As the Internet has grown, with it being predicted that three-quarters of the world’s population will be online by 2022, so has cybercrime. Although there are many sophisticated applications available to block cybercriminals, one of the greatest dangers to a company’s or individual’s security is human error, with it being estimated that 90% of security breaches are a result of user mistakes. Microsoft’s new Advance Threat Protection (ATP) in Office 365 aims to mitigate or even abolish this problem by offering complete protection against malware, viruses, and phishing attacks.
Office 365 ATP filters emails coming into a computer or system, offering real-time analysis of threats and protecting against malicious links. Its URL tracing feature gives administrators the capacity to monitor every URL link that comes in via email. When the recipient of an email clicks a link, ATP undertakes scanning and analysis and will block access to unsafe or suspicious URLs.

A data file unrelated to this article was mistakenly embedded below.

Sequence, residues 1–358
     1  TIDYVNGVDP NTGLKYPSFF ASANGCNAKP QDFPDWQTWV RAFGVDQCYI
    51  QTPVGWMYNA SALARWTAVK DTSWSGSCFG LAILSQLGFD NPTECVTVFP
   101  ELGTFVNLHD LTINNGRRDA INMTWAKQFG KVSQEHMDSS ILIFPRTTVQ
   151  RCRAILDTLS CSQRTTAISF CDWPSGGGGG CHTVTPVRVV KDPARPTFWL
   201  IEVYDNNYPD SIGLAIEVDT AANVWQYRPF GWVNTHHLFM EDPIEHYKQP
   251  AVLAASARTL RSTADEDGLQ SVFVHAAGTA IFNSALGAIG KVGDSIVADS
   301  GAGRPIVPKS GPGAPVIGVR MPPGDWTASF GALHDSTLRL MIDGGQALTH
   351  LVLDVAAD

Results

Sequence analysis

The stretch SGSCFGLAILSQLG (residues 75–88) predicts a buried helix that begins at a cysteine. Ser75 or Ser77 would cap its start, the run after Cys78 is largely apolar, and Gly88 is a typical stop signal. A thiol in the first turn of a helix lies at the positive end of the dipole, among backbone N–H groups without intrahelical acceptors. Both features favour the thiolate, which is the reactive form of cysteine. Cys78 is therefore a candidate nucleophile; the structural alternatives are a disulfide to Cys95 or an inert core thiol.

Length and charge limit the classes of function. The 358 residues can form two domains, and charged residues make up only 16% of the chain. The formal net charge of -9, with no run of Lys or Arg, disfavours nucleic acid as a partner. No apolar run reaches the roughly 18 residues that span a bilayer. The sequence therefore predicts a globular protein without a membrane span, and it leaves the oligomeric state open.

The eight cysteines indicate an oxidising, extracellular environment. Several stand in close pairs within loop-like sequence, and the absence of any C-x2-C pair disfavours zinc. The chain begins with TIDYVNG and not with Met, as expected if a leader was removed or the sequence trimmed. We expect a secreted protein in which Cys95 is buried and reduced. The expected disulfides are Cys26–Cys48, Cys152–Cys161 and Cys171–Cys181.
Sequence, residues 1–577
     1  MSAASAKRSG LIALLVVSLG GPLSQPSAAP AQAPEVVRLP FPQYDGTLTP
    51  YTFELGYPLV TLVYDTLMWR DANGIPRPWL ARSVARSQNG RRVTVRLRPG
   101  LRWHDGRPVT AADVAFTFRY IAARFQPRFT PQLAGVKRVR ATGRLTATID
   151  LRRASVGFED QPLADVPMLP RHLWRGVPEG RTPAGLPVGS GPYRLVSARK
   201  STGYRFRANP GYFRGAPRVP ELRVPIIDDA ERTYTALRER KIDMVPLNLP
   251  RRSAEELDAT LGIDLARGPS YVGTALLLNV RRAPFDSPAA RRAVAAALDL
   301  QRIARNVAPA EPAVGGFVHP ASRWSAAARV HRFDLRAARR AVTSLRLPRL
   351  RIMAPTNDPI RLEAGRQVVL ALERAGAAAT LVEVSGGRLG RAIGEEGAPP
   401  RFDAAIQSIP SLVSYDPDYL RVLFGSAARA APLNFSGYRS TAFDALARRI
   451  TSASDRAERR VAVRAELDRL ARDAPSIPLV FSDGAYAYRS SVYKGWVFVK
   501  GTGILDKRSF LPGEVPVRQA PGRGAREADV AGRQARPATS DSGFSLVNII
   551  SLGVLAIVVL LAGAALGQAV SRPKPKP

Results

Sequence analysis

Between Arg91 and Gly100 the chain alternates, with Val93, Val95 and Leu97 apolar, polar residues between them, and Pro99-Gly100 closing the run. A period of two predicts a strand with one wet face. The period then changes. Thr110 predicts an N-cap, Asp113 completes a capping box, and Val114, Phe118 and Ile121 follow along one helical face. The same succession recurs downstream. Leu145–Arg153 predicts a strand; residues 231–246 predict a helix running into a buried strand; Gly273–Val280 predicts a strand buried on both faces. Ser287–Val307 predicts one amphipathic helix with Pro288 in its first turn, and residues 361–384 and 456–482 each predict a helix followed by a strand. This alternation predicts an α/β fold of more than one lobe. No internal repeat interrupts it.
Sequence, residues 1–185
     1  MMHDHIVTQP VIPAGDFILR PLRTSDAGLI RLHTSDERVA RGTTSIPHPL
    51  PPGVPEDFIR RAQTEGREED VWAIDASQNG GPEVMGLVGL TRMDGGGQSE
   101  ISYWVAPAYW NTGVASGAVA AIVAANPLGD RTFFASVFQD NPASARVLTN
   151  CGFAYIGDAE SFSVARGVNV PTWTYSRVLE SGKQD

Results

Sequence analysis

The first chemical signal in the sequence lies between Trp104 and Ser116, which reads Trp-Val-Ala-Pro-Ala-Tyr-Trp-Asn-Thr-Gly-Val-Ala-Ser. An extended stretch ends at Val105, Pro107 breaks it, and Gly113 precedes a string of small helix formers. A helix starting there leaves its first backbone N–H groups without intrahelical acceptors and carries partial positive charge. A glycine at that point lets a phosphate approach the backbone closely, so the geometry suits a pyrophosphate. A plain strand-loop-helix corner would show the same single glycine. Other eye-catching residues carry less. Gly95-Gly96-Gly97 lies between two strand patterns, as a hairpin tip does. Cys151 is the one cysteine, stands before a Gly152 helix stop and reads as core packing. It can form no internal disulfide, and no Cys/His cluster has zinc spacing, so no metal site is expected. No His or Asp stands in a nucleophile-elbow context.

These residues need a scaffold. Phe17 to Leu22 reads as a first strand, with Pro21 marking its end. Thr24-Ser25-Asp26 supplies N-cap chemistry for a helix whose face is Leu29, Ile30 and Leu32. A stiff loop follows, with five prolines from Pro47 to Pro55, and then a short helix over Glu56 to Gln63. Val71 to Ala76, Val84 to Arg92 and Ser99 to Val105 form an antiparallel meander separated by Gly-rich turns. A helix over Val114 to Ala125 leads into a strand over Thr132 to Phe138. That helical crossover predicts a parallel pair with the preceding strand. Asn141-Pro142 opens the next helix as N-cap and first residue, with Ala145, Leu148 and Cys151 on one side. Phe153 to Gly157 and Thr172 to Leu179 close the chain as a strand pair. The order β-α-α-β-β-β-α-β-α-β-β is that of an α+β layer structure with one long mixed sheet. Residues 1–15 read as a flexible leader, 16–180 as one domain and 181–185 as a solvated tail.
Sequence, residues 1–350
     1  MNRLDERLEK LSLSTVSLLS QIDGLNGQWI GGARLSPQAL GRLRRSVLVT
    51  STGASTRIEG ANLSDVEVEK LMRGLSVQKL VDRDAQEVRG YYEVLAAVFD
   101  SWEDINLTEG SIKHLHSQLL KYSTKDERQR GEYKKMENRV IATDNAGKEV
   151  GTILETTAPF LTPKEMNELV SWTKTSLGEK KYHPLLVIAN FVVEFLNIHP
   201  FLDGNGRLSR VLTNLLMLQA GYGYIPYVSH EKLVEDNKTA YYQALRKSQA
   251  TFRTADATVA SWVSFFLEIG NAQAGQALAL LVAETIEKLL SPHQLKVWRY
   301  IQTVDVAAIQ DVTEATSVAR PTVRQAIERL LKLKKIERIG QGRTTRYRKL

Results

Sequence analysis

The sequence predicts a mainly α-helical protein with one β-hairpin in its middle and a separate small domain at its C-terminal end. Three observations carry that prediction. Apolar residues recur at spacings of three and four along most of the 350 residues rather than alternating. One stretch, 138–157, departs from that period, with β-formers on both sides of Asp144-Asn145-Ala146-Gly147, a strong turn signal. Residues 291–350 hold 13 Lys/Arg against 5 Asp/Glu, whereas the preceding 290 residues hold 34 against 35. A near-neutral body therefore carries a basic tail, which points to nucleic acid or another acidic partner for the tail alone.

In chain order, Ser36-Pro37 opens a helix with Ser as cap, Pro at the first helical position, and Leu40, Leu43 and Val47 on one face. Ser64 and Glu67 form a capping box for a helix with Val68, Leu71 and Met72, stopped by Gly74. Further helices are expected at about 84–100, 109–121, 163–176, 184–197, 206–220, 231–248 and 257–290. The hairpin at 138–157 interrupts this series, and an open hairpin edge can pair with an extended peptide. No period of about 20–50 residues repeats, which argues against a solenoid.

The problem with malicious attacks up to now is that antivirus software can only identify threats once they have been activated, i.e., the software will only have threats on its database once they have appeared. ATP not only blocks threats it already has in its database, but puts all other emails into a virtual holding pen in which content is monitored and analyzed. Emails are only allowed through to the user if they have been thoroughly scanned and marked as safe.
Another feature of ATP is that it assists users in identifying spoof emails. Spoof emails are ones that imitate a user’s own domains and those of trusted partners, tricking users into opening emails containing threats. With ATP, the software tracks and monitors all emails in a system, both those coming from outside and internal ones, and alerts the user to the danger. It does this rather than immediately block such emails because there may be a reason for an email to spoof a user’s domain, e.g., when an external advertising company is providing services centered on the user’s domain.
ATP is fully customizable for all users, and administrators can visit the ATP dashboard to see the ways in which the software is protecting their system and which URLs and emails it has been blocking.